They are not planting the Golden Vale – they are planting the marginal land in Leitrim and West Cavan, where people don’t have a voice. That was one of the stark messages that rang loud and clear from the ballroom of the Bush Hotel in Carrick-on-Shannon on last Friday night, as hundreds of farmers gathered from all over Leitrim, West Cavan and beyond to take a stand against the rapid expansion of forestry locally.
Local MEP Marian Harkin relayed that a person in the European Commission, had said “Leitrim is a national sacrifice zone for sitka spruce”, so at least they are aware of it “and perhaps we will be able to do something about it”.
This meeting was organised by the Irish Natura and Hill Farmers Association (INHFA), who now intend to establish a stakeholders group.
The lights are going out in the hills and valleys of West Cavan and Leitrim, while people, many from outside the region buy up and plant land, including foreign investers. Speakers from the floor said the authorities should focus on installing quality broadband instead of planting spruce trees to encourage young people to stay in the area. Then they could generate money and buy land. Another speaker said that his brother, returning from Australia, was outbid for a farm by those wanting to plant the land.
A community activist from Drumsna, Edwina Guckian caught the imagination of the large audience with the passion of her speech.
“I’m a proud Leitrim woman – a farmer’s daughter, who wants the best for our county, our land, our farmers, our communities and our future,” said Ms Guckian.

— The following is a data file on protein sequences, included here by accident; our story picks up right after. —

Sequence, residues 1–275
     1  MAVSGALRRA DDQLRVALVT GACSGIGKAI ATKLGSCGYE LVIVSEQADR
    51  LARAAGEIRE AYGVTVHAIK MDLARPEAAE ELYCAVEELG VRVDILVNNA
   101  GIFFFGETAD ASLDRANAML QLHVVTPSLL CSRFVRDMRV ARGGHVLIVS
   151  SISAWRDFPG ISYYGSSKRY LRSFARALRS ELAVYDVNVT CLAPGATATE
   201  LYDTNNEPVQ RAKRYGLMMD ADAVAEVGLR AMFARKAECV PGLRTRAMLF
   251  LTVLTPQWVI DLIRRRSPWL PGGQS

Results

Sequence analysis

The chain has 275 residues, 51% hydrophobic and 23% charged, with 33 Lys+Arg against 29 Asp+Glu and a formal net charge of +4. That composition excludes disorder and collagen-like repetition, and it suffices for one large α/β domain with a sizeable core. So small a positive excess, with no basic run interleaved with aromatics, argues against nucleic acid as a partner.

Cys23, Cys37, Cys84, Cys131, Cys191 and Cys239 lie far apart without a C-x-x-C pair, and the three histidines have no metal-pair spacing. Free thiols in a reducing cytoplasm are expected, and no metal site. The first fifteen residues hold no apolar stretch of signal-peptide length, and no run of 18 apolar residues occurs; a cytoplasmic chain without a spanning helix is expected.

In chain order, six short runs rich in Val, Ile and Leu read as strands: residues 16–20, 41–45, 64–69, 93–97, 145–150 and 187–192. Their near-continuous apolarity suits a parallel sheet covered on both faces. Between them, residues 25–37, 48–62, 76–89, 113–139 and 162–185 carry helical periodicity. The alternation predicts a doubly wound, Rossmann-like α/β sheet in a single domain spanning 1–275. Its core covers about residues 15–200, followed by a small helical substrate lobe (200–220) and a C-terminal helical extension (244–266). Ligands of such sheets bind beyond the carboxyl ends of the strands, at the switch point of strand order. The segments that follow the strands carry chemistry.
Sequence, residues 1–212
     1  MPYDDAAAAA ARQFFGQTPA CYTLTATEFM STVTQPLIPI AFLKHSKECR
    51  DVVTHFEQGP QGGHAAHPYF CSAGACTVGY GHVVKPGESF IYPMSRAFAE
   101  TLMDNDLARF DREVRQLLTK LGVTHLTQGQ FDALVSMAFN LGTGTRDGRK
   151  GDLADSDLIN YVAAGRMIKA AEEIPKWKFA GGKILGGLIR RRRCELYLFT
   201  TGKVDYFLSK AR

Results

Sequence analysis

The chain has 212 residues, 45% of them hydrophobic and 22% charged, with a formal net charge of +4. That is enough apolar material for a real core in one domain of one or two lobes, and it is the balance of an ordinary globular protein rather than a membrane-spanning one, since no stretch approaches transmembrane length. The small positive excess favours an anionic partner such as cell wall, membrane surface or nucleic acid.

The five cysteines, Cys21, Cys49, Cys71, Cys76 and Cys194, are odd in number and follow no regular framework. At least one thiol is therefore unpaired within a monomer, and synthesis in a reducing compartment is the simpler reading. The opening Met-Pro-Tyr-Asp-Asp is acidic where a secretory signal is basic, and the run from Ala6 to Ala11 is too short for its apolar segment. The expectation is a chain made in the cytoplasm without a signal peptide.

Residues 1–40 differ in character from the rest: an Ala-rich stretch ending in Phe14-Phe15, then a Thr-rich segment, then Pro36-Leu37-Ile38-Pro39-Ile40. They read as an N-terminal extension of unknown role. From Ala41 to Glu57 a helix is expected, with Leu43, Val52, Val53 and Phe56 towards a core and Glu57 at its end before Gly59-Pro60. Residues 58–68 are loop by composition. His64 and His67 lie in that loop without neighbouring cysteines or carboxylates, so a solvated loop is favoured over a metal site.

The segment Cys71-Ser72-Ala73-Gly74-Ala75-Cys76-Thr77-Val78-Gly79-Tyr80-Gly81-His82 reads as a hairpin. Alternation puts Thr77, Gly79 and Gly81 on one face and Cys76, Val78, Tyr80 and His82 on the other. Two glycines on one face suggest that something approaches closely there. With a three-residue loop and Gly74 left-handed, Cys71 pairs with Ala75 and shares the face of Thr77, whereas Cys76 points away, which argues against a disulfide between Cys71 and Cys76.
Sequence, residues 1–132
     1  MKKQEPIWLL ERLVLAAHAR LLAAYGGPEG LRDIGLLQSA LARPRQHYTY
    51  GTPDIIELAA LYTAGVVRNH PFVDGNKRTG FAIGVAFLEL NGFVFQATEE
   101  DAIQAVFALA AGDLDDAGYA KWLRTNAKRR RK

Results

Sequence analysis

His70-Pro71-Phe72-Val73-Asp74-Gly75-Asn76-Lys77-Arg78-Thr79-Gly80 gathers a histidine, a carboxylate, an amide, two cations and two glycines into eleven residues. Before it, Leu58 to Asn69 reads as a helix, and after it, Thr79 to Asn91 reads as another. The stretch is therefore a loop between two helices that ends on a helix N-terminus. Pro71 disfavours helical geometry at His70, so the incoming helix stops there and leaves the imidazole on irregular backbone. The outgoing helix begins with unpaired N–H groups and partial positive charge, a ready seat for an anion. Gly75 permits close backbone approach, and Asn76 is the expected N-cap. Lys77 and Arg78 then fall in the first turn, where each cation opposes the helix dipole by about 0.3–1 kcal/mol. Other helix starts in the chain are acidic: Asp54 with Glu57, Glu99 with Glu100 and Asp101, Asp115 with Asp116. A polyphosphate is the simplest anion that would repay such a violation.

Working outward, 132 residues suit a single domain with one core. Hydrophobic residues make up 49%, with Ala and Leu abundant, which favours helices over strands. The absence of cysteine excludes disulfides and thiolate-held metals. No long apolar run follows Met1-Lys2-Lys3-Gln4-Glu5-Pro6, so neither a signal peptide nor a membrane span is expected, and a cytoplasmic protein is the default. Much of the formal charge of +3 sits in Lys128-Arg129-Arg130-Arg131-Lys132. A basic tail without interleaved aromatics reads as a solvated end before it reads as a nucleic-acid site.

Edwina Guckian claimed that Leitrim is being sold off to pension funds, tax off-setters, hedge funds and multi-national companies. To rapturous applause Ms Guckian said: “The Department of Agriculture is turning a blind eye to the fact that Leitrim is being sacrificed to meet carbon emission targets. This needs to stop immediately, or County Leitrim will cease to exist. We are being sold off just like our sea fishing quotas and the way our offshore oil and gas was sold off from under our nose.
“Where I live, there are seven forests within one mile of my house, with another 70 acres awaiting a planting licence.
“After speaking to Leitrim County Council this week, I learned that in 2017, 86 licences were granted for felling and nine houses were granted planning permission,” claimed Edwina Guckian.
“Forestry is wiping out communities – it’s a fact – many people could stand up here tonight and tell their stories,” said Edwina Guckian.
She said if you follow the trees you will find the huge declines in population.
“Farmers are being encouraged to plant their land and who can blame them, if they do so – they are being given little other options. Fifteen years of earnings and an easier life, but that’s it – you are on your own after that. Fifteen years of money for the destruction of townlands. Banks won’t lend them money to farm, but they will lend them money to plant, meaning they can’t get money to buy farms,” added Edwina Guckian.
Once again to thunderous applause, Edwina Guckian declared, “my grandfather always said it is the country people who spend the money in the towns. If they disappear, the towns disappear.”
Cllr John Paul Feeley complimented INHFA for their work on behalf of communities such as West Cavan.
“I don’t think any community in this part of the country, in Cavan and Leitrim wants anything other than fair play. Farmers want a fair income for what they do.
“I think one simple change, is to make forestry subject to planning, in the same way as other activity. That will give an opportunity to people who do have a local knowledge and an appreciation of the wider interests of the community to have a say on it”.
Cllr Mary Bohan from Leitrim County Council echoed this: “Can we have a campaign to make aforestation subject to planning?”
Campaigning for 30 Years
Sean McLaughlin from Aughavas has campaigned against the forestry system for 30 years and he claimed that two schools have closed down in the parish of Aughavas in the past six years with four teachers. The one school left has three teachers and one of those positions is under threat. He said: “I want the TDs here to ask the question in the Dáil, how much premium has been paid to people who are not farming in County Leitrim,” said Mr McLaughlin.